Four charged in $200,000 Coast Guard credentialing scheme

Counterfeit certificates from Mid-Atlantic Maritime Academy were sold to merchant mariners, a federal indictment says

(NORFOLK, Va.) — Four individuals have been charged for their respective roles in a conspiracy to sell phony U.S. Coast Guard merchant mariner credentials in Norfolk.

According to allegations in the unsealed indictment, Lamont Godfrey, 42, of Portsmouth, Eugene Johnson, 45, of Norfolk, Shunmanique Willis, 43, of Texas and Alonzo Williams, 45, of Louisiana acted in concert to create counterfeit certificates from the Mid-Atlantic Maritime Academy (MAMA) and sell them to merchant mariners for a profit. The MAMA is a private state-of-the-art maritime training center, offering mariners over 100 Coast Guard approved deck and engineering courses needed for merchant mariners to hold various positions on merchant vessels. Godfrey worked for the MAMA as the school’s chief administrator.

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According to the indictment, Godfrey used this position to create fake MAMA course certificates for mariners who had never taken the MAMA courses, in exchange for thousands of dollars in payments. The mariners would receive the fake certificates along with instructions on how to load them in the Coast Guard systems and be credited with a fraudulent Coast Guard qualification. Johnson, Willis and Williams worked with Godfrey as brokers to find additional mariners willing to buy the fake certificates. In exchange for their efforts, Johnson, Willis and Williams all received a cut of the illicit proceeds from the scheme. In total, the conspiracy netted over $200,000 in profits from the production of these counterfeit MAMA certificates and involved over 150 mariners purchasing fraudulent qualifications.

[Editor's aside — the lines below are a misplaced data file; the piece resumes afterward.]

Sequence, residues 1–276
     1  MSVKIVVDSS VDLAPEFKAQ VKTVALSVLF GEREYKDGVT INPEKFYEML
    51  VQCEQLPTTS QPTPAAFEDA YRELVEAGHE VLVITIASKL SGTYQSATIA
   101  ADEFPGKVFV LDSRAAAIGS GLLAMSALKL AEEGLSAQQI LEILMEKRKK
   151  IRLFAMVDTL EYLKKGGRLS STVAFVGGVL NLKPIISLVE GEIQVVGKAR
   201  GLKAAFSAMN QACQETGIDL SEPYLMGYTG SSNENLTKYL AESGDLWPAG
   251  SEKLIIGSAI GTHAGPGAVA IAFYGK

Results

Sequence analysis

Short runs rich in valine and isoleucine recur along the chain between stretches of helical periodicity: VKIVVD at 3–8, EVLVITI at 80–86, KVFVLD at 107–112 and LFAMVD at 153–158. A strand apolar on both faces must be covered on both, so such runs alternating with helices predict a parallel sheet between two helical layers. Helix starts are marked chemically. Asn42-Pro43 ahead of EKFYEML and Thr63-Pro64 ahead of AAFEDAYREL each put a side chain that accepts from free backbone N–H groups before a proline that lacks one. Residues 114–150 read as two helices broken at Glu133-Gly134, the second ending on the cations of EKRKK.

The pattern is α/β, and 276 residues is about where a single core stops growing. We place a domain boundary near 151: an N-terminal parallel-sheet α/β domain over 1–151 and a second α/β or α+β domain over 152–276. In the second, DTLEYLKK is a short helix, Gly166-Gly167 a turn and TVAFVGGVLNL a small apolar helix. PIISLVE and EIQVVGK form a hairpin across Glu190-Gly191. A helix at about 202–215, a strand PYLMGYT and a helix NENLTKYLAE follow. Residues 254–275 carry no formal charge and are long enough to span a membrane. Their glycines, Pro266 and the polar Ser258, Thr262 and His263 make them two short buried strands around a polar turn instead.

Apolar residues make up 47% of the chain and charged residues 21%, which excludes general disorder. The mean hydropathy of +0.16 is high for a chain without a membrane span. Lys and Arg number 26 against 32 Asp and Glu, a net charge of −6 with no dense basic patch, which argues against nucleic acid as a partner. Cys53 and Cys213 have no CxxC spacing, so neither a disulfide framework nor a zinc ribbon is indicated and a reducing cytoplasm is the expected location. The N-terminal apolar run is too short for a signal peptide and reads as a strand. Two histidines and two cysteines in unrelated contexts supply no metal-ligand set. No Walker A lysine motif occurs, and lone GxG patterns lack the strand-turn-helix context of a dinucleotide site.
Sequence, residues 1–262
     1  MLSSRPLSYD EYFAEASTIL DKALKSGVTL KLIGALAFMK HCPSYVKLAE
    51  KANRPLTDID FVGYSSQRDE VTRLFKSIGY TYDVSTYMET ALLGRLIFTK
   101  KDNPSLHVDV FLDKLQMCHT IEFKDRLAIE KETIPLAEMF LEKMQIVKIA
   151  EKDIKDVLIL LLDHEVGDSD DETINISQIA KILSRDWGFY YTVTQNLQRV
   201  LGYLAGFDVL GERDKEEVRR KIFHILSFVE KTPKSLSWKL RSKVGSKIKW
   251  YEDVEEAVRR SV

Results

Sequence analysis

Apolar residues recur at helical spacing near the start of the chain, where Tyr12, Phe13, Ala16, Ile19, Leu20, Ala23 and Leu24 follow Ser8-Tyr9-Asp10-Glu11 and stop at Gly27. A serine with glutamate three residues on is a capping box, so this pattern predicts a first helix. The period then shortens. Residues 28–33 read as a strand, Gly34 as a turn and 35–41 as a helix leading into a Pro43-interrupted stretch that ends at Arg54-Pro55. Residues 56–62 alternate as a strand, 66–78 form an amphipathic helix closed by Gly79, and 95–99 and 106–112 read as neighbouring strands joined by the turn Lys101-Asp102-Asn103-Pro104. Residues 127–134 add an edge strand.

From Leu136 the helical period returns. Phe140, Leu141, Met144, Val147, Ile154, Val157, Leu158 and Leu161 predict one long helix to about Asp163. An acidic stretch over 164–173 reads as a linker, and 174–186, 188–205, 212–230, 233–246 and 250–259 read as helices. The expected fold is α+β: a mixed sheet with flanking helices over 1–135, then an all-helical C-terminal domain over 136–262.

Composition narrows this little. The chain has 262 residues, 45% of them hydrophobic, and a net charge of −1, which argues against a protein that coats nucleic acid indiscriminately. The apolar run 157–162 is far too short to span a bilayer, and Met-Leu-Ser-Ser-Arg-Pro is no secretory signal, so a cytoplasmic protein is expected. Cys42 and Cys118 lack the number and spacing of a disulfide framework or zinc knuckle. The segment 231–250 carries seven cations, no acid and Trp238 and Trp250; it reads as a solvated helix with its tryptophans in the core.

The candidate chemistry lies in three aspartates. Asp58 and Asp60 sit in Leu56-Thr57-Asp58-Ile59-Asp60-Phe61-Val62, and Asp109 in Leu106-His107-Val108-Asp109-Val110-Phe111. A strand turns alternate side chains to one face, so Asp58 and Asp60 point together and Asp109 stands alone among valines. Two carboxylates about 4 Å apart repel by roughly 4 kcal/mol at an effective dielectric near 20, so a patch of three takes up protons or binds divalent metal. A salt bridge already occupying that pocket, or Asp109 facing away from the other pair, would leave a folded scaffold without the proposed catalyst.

Godfrey, Johnson, Willis and Williams are charged with conspiracy, mail fraud, wire fraud and aggravated identity theft. If convicted, they face a mandatory minimum of two years in prison. Actual sentences for federal crimes are typically less than the maximum penalties. A federal district court judge will determine any sentence after taking into account the U.S. Sentencing Guidelines and other statutory factors.

G. Zachary Terwilliger, U.S. attorney for the Eastern District of Virginia, and Marty J. Martinez, special agent in charge, Coast Guard Investigative Service, Chesapeake Region, made the announcement.

Assistant U.S. Attorney Joseph L. Kosky is prosecuting the case.

Related court documents and information are located on the website of the District Court for the Eastern District of Virginia or on PACER by searching for Case No. 2:20-cr-95.

– U.S. Attorney’s Office for the Eastern District of Virginia

Categories: Licensing & Training, Maritime News